The surveillance agency wrote that "face detection has the potential to aid selection of useful images for 'mugshots' or even for face recognition by assessing the angle of the face," it said. "The best images are ones where the person is facing the camera with their face upright."

'We do not comment on intelligence matters'

GCHQ staff were told they could view "webcam images associated with similar Yahoo identifiers to your known target," The Guardian wrote. In other words, if a GCHQ target was named BadTerrorist1, then it might be acceptable for analysts to view an account named, say, BudTerrorist1.

Brit spooks tested automatic face-recognition technologies on the intercepted images as a way to search for actual suspects, but this system was briefly retired though is likely to return.

Some of the OPTIC NERVE data was fed into NSA's all-seeing XKeyscore search tool, and NSA research was used to build the technology that sniffed out the Yahoo! cam network packets. Though the NSA denies encouraging foreign intelligence partners to harvest data for it, GCHQ is known to operate under looser constraints and therefore is able to gather much more data.

In a statement, a GCHQ spokesman said: "It is a longstanding policy that we do not comment on intelligence matters.

"Furthermore, all of GCHQ's work is carried out in accordance with a strict legal and policy framework which ensures that our activities are authorised, necessary and proportionate, and that there is rigorous oversight, including from the secretary of state, the interception and intelligence services commissioners and the Parliamentary Intelligence and Security Committee.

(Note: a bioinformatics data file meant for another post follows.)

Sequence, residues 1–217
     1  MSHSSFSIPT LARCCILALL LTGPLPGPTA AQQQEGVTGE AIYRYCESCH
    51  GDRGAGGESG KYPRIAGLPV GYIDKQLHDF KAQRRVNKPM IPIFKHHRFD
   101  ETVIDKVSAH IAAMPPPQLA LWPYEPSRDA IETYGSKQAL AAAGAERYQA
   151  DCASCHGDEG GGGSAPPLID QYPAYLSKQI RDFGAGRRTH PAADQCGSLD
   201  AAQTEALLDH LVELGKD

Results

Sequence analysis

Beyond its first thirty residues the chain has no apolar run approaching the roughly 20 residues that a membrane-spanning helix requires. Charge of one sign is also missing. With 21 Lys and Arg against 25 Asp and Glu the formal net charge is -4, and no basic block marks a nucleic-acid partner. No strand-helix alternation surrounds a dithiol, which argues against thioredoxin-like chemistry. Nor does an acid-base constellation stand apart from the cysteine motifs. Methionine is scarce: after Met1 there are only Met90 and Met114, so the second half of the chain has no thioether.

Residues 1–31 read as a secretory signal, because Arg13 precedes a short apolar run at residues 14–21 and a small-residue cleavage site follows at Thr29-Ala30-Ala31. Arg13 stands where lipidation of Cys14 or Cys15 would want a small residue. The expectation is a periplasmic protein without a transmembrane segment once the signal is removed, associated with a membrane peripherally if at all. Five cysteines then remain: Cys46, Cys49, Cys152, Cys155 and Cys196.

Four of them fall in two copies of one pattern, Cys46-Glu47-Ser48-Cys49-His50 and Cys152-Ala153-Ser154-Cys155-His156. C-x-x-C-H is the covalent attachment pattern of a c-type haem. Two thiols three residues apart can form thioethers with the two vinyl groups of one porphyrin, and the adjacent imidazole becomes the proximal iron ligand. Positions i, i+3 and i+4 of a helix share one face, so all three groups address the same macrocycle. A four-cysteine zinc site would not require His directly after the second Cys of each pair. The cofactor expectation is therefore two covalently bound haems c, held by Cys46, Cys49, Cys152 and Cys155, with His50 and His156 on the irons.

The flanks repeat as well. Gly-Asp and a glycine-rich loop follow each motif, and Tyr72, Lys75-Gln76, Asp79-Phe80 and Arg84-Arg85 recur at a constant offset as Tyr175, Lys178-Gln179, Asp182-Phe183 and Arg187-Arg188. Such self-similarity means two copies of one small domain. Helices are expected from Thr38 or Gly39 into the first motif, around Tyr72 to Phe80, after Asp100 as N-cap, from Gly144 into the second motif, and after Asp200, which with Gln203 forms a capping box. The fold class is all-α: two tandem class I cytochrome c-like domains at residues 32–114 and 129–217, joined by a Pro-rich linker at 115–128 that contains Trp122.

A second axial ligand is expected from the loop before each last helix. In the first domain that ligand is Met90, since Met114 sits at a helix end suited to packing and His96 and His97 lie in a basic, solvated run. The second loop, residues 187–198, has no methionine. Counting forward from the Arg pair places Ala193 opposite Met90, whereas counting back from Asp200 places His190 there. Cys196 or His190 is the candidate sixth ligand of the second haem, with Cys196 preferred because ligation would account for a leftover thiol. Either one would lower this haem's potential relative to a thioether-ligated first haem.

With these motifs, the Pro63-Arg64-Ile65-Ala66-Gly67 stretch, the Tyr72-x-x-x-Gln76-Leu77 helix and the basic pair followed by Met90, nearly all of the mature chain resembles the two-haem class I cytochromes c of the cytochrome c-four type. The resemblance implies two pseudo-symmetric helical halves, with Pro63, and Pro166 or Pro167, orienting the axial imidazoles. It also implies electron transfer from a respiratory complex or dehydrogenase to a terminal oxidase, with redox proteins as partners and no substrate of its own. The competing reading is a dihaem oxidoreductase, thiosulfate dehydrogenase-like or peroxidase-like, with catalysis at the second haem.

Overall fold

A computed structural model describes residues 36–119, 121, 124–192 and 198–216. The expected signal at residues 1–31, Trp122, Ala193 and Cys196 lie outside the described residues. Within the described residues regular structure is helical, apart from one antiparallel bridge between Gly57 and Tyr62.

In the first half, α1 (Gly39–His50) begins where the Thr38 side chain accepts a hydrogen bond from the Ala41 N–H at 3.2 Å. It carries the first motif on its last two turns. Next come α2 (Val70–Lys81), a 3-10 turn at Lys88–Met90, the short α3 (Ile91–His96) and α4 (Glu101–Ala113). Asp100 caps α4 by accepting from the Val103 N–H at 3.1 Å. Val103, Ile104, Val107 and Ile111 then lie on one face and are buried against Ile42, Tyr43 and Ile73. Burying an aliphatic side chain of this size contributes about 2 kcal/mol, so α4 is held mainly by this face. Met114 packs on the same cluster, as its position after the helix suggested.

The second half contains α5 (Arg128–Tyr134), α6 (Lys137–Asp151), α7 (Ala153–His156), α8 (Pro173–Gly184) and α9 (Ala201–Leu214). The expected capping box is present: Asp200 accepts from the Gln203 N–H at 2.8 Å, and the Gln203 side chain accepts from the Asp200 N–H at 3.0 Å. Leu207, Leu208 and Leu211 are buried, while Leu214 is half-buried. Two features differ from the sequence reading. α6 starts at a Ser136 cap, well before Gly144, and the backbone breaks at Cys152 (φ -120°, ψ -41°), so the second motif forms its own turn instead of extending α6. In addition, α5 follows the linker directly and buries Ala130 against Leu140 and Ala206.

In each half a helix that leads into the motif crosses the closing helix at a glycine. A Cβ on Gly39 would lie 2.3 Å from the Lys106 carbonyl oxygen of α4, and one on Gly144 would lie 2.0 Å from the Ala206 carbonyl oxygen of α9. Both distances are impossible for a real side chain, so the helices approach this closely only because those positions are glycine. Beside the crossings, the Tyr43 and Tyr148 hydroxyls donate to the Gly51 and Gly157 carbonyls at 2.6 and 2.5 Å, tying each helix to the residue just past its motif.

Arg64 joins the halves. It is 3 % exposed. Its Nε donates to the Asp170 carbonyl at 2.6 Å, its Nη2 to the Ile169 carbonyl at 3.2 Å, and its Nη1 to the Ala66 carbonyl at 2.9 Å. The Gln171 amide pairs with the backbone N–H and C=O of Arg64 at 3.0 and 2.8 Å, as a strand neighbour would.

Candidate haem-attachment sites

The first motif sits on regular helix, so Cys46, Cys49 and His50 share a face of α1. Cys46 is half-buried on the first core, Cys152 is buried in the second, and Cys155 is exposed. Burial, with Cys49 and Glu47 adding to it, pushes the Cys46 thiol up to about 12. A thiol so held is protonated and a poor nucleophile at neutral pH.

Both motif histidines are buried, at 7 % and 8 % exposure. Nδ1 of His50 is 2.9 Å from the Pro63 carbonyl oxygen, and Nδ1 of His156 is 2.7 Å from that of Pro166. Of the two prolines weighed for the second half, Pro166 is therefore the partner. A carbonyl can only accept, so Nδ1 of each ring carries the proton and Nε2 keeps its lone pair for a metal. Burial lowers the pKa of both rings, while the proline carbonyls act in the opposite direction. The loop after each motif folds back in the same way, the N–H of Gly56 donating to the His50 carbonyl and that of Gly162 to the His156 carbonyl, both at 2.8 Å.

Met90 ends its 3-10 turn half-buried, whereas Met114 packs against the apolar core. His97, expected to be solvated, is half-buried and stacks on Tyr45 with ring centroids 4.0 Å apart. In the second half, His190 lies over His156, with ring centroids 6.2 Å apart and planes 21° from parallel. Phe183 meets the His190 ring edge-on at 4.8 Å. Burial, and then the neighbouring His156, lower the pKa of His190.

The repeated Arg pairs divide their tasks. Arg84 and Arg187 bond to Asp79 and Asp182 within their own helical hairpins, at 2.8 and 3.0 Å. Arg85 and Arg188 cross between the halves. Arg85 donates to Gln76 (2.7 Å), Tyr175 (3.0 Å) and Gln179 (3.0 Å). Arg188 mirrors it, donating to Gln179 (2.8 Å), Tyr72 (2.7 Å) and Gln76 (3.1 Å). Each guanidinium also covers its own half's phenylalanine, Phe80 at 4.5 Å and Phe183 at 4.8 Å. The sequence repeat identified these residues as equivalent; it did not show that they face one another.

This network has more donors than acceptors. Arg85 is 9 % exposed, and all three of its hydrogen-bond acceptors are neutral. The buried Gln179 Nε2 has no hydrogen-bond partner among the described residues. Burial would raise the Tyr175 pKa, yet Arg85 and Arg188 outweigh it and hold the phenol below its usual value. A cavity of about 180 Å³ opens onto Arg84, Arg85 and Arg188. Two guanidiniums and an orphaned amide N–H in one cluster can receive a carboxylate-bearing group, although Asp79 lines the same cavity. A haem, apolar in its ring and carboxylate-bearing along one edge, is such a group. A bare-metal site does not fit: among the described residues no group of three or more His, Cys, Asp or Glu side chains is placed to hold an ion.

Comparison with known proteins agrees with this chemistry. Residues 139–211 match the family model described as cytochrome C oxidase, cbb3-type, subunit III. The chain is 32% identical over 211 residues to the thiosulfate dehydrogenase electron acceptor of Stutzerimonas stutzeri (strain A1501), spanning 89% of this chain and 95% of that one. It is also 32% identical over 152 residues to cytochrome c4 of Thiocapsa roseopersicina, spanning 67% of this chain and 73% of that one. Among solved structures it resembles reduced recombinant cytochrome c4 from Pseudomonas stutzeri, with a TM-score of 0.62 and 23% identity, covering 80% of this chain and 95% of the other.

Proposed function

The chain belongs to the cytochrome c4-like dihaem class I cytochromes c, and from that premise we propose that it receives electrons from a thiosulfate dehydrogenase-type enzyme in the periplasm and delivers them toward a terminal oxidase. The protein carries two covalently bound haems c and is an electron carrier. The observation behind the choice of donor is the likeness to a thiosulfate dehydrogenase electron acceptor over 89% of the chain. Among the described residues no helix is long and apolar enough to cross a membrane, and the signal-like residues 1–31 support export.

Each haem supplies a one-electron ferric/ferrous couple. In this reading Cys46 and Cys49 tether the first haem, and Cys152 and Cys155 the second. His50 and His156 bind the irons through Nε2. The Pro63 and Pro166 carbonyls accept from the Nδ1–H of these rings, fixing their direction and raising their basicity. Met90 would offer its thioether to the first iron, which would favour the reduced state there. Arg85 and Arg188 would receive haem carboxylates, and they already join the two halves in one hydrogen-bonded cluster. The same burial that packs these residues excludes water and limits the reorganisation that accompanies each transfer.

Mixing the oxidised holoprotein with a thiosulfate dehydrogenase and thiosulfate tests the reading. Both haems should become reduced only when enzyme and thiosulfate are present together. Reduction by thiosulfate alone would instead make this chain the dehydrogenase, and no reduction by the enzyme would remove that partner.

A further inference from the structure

"All our operational processes rigorously support this position."

Today's revelations come in the wake of allegations earlier this week that GCHQ drew up plans to discredit targets online by embarrassing them with compromising photos and slander. Those slides were also leaked by Snowden. ®

Next gen security for virtualised datacentres

More from The Register

next story
Rupert Murdoch says Google is worse than the NSA
Mr Burns vs. The Chocolate Factory, round three!
e-Borders fiasco: Brits stung for £224m after US IT giant sues UK govt
Defeat to Raytheon branded 'catastrophic result'
Germany 'accidentally' snooped on John Kerry and Hillary Clinton
Dragnet surveillance picks up EVERYTHING, USA, m'kay?
Snowden on NSA's MonsterMind TERROR: It may trigger cyberwar
Plus: Syria's internet going down? That was a US cock-up
Who needs hackers? 'Password1' opens a third of all biz doors
GPU-powered pen test yields more bad news about defences and passwords
Think crypto hides you from spooks on Facebook? THINK AGAIN
Traffic fingerprints reveal all, say boffins
Microsoft cries UNINSTALL in the wake of Blue Screens of Death™
Cache crash causes contained choloric calamity
prev story

Whitepapers

5 things you didn’t know about cloud backup
IT departments are embracing cloud backup, but there’s a lot you need to know before choosing a service provider. Learn all the critical things you need to know.
Implementing global e-invoicing with guaranteed legal certainty
Explaining the role local tax compliance plays in successful supply chain management and e-business and how leading global brands are addressing this.
Build a business case: developing custom apps
Learn how to maximize the value of custom applications by accelerating and simplifying their development.
Rethinking backup and recovery in the modern data center
Combining intelligence, operational analytics, and automation to enable efficient, data-driven IT organizations using the HP ABR approach.
Next gen security for virtualised datacentres
Legacy security solutions are inefficient due to the architectural differences between physical and virtual environments.